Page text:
What is the state of law enforcement in the territories? Meni Mazuz, until recently the Attorney General, had some sharp words to say about it. In an interview to Ha’aretz this weekend (Hebrew), Mazuz said that “this isn’t the Wild West, more like the Wild East. There’s no doubt it’s wild. There’s not a doubt that there are phenomena there which would be inconceivable within the State of Israel without being treated immediately and harshly.” Mazuz says things very clearly, which the government makes sure not to say: He simply calls the phenomenon of “price tag” attacks “terrorism.”
Mazuz also has some poignant analysis about the reasons for the failure of law enforcement. To start with, he speaks about the conspiracy of silence among the settlers regarding the violence some of them are committing against Palestinians. Criminality, he says, is generally considered to be a sideline phenomenon; here we are dealing with ideological crimes, carried out by normative people supported by their community. Hence, “there is an evident phenomenon of silence and support.”
Mazuz further notes that some of the people responsible for law enforcement live in the West Bank themselves, “which creates an almost impossible reality, from the human perspective,” and that the higher level functionaries simply don’t want to deal with the issue. He correctly identifies the major force in law non-enforcement: The army. “The army, which is the land lord of the place, never saw its duty as law enforcement, even though it is the first force on the ground when felonies are committed.” The IDF, notes Mazuz, prefers to see itself as a fighting force, not a police force, but “legally, the responsibility for maintaining law and order in the territories lies with the army.”
The main reason for the army not doing its job is, according to Mazuz, is contradicting messages it receives from the political leadership. He estimates that were the leadership to speak unequivocally, this ideological criminality may have been fought, but “without true cooperation and support from them [the political leadership – YZG], the ability to launch a significant effort similar to the battle against public corruption and organized crime is non-existent. And the political and security establishment oscillates between unwillingness to carry it out and outright resistance.”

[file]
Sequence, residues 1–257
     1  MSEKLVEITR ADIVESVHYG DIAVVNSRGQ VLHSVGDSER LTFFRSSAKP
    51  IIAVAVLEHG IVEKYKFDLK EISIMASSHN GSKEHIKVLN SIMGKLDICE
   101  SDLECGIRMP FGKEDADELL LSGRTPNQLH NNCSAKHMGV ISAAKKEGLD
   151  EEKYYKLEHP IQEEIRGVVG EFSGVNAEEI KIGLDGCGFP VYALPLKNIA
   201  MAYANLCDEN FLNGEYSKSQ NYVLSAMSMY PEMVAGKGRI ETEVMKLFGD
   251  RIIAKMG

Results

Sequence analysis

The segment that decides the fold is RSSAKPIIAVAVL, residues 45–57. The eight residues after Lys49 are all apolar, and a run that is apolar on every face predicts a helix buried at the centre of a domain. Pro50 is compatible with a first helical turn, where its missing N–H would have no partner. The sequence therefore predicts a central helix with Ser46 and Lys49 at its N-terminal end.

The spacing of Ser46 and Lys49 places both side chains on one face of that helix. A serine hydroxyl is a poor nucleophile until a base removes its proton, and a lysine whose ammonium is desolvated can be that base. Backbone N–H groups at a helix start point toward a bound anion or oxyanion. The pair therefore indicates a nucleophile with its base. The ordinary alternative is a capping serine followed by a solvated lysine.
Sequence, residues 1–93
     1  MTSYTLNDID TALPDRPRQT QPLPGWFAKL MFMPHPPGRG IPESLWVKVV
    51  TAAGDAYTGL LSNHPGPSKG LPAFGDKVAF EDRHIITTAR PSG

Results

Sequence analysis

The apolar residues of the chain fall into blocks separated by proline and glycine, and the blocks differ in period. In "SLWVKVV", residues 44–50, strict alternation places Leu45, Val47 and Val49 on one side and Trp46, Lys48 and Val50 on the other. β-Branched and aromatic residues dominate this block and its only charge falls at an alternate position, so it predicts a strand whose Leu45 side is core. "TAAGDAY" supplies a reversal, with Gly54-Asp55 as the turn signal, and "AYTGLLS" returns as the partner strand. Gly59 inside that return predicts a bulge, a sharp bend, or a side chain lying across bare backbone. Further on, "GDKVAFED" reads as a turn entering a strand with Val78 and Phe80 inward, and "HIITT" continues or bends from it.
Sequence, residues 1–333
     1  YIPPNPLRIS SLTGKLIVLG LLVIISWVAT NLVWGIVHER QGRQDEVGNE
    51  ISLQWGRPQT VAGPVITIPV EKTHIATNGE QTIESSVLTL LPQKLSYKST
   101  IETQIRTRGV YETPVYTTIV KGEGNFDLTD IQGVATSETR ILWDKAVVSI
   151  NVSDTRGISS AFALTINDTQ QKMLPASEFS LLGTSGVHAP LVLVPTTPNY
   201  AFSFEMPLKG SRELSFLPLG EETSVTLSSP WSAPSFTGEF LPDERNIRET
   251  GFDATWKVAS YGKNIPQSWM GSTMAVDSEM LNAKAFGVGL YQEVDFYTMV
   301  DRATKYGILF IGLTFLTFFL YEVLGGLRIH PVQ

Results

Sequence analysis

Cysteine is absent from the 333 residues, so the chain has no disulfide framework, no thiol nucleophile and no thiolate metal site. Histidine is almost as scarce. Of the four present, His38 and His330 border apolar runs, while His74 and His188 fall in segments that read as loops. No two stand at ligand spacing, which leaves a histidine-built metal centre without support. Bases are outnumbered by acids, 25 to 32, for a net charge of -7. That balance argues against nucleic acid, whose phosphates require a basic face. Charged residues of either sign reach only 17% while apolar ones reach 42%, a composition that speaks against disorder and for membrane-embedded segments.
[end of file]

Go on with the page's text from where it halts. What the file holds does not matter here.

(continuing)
Readers who follow this blog would not be surprised by anything Mazuz said. Soldiers who do not enforce the law on Jewish lawbreakers? Saw the movie, got the t-shirt. Is there a clearer case than army forces securing an illegal outpost while its residents aren’t even there? An army which can’t defend Palestinians, even though it is its legal duty, upheld by the HCJ time and time again? Check. Incompetence in the face of settler ideological criminality? Been there.
Collaboration between the political establishment and settlers to bypass the law? We dedicated a whole report to it, “The Road to Dispossession“, documenting how all of the authorities conspire to make possible the existence of an illegal outpost, while the police and the prosecution strangely and repeatedly fail to fight the violence that the very existence of the outpost – Adei Ad – engenders. Police investigations which somehow, always fail? Inexplicable incompetence in investigation? We dedicated a report – one of our earliest, from 2006 – to this phenomenon, and you can read it here. If you examine the issue six years later, you can see little changed: Our fact sheet, dated early 2012, shows 84% of investigations closed by the police were closed due to investigative failure.
The most serious statements are attributed not to Mazuz himself, but to a senior prosecution official who worked with him. According to him, during one of the meetings Mazuz said that “law enforcement on Israelis in the territories will succeed only when no Israelis will be there.” Those words, which Mazuz has yet to say publicly and for attribution, touch the real, cancerous problem of the occupation: You can speak loftily about law enforcement and loyalty to the rule of law, but where different laws apply to different ethnic populations; where one person is sentenced in a military court while his neighbor is judged in a civil Israeli court (under the suspect assumption he is actually indicted); where one is exposed to a system of zealous enforcement for even the most minor of offenses, and the other enjoys an investigative system where negligence becomes a form of art; where one lives under curfew and may expect a night raid on his house in case of a minor felony (or even without it), and the other enjoys all the rights of a developed legal systems; when one is exposed to tear gas even though he is not violent, and the other may only experience it due to the caprice of the wind; when one lacks all ability to influence the laws under which he lives, while the other enjoys a respectable, some would say overabundant, representation in parliament – in short, when the situation resembles Apartheid, the very idea of law enforcement becomes a cruel joke.
It is of course distressing that Mazuz said what he said several years after leaving office, but it seems we have become accustomed to the public norm of a senior official or officer seeing the light only after their retirement. Better late than never.